The sunrise is showing itself off as a gauzy, scarlet sash today. It weaves around the bend in the shoreline, stretches behind the CN Tower and the high-rises of the city skyline, then dips into the hazy blue water of Lake Ontario.
I sip my coffee, appreciating the view from my balcony window, even though I realize the intensity of the colours are likely caused by smog. I live in a big city now and am growing accustomed to the congestion of cars and the thrum of industry.
I have not yet grown accustomed the ever-changing weather patterns that inhabit the environs of Lake Ontario. Even though it is the smallest of the Great Lakes, it is big enough to satisfy this Maritimer.
At 16,000 square kilometres, Lake Ontario stretches further than my eye can see, giving me a glorious horizon on which to set my sights. On a clear day, I can see the plume of Niagara Falls to the west. On a foggy day, I can’t even see water’s edge.
Lake Ontario fought back Spring’s unseasonable warmth this week by delivering a dense fog to all her shoreline inhabitants. It was if the lake was sending out her own warning system against global warming, pulling a blind down against the heat of the sun, obscuring its bare beauty from our eyes.
Fog, wrote the poet W.H. Auden, is “smog’s unsullied sister,” a sentiment I could only agree with as I stared out into a dense fog bank one evening this week. This is not to say fog is not beautiful, for it is, but in a way that is entirely different than the morning sunrise I am witnessing today; a sunrise I know has been partly painted from a pot of smog.
As captivating as that sunrise is, it’s not what has been mostly occupying my mind this week. Rather, I have been pondering the wonder of fog, engaging with ironic clarity a dense weather system that is usually a metaphor for muddled thinking.
Not so for me this week. I embraced the fog that Lake Ontario delivered with enthusiasm. It was so dense, so completely encompassing that one could not ignore it.
I went to bed on Saturday night with a grey, smothering fog encircling the 25-storey building I now call home. I live in a corner unit with floor-to-ceiling windows that usually offer me a view of the city, lake and other high-rises in my neighbourhood.
I woke up on Sunday morning with the shroud still draped over everything that normally would be in view. My first thoughts were poetic, for who, when witnessing a truly delightful fog, does not think of those delicate lines penned by Carl Sandburg:
“The fog comes on little cat feet. It sits, looking over harbor and city, and then moves on.”
Sunday did eventually shake off the fog, only to embrace it once again as it descended through the early evening hours. On Monday morning, another poetic line surfaced it my head, this one from a childish folksong written by Harry Miller a century ago.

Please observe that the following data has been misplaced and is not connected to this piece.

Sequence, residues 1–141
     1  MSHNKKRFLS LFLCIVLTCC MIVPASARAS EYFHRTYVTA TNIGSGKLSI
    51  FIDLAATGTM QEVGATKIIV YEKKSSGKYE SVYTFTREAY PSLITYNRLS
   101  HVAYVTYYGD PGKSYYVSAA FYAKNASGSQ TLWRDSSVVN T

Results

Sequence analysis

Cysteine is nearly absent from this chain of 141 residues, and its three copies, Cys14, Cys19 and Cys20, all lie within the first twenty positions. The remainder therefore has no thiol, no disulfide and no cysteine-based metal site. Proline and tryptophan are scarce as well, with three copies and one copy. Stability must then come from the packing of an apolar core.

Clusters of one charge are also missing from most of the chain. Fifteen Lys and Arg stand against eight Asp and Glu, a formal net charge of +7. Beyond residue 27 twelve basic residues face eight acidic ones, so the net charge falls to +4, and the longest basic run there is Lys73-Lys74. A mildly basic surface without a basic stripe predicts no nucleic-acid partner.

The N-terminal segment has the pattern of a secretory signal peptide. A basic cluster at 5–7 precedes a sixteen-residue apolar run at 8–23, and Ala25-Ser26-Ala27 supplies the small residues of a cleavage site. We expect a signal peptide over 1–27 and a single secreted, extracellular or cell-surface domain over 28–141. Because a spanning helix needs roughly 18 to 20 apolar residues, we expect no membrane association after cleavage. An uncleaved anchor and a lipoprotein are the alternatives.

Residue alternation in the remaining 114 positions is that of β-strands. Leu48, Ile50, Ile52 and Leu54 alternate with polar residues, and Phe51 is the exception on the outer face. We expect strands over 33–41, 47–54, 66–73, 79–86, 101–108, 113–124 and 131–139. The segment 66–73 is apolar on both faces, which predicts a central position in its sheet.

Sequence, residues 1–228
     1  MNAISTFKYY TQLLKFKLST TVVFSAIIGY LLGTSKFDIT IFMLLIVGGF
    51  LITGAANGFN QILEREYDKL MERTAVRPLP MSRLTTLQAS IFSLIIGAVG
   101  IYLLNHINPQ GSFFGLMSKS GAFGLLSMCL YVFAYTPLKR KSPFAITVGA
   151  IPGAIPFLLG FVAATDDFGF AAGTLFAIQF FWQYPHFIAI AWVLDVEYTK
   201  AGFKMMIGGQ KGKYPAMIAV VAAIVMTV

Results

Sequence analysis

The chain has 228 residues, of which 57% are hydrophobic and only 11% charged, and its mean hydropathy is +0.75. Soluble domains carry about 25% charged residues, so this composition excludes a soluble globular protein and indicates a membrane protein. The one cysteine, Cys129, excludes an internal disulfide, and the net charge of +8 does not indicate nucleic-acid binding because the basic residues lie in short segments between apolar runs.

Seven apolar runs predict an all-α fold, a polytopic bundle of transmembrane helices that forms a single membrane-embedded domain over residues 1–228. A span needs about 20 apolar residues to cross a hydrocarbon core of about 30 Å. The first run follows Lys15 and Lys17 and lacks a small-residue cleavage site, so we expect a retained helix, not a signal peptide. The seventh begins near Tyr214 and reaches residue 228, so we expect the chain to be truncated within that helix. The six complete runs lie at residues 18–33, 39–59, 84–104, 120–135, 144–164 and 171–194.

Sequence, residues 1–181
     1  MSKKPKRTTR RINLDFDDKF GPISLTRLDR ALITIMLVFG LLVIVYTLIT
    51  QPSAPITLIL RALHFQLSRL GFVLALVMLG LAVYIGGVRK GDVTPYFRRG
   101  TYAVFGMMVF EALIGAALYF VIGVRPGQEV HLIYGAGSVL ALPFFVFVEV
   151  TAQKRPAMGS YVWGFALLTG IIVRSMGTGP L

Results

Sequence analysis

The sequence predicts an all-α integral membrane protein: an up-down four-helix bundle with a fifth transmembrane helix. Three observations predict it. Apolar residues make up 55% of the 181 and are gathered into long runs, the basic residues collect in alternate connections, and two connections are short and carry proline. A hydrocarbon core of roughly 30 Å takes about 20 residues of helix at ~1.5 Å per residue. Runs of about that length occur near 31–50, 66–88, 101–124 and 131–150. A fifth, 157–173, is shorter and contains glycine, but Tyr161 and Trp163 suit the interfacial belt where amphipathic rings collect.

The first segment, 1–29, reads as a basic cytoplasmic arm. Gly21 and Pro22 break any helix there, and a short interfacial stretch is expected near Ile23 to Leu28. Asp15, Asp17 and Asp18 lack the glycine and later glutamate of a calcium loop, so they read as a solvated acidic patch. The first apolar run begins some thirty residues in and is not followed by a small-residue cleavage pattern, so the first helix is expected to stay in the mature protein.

“The cat came back, the very next day,” was the thought going round and round my head as I looked out at the grey mist trailing by my windows. The fog was so thick it looked like I could reach out and squeeze moisture directly from the air itself.
I do love fog. That’s not unexpected, coming from a Newfoundlander, who can claim as a birthright the foggiest place on earth.
Apparently, the Grand Banks, where the cold Labrador Current intersects with the warm Gulf Stream, is foggier than anywhere else in the world. Fishermen, if they live through the fog, have marvelous stories to tell.
I do love fog, even when it scares me. I’ve driven from Bangor, Me., to Moncton in a pea soup fog, keeping my white knuckles in line with the white line on the highway’s edge, the only thing visible on a densely dark night.
I do love fog, even when it disappoints me. On the first day of spring this week, when everyone across Canada was rejoicing in temperatures that felt like the first day of summer, I left work eager to spend the evening walking along the sunny shores of Lake Ontario.
It was not to be. As I drove south toward the lake, I crossed an invisible line. My car window was down and I suddenly I could feel cold air creeping up my spine. The road in front of me grew darker, until I realized the sunshine was completely gone. Fog had dropped a blanket over my evening.
By the time I reached home, I was once again enveloped in a dense, dark fog. Walking along the water’s edge was no longer enticing.
Cold water, the current reality of Lake Ontario, and warm air, the current reality of Toronto, creates fog. As the lake warms up, I suspect there will be fewer foggy days, at least in a literal sense.
I do fully expect I’ll wake up in another sort of fog on many mornings, but I can’t blame Mother Nature for that.
Lynda MacGibbon is a transplanted Maritimer living in Toronto. Her column appears each Friday in the Moncton Times & Transcript. Email her at firstname.lastname@example.org and follow her on Twitter @lyndamacgibbon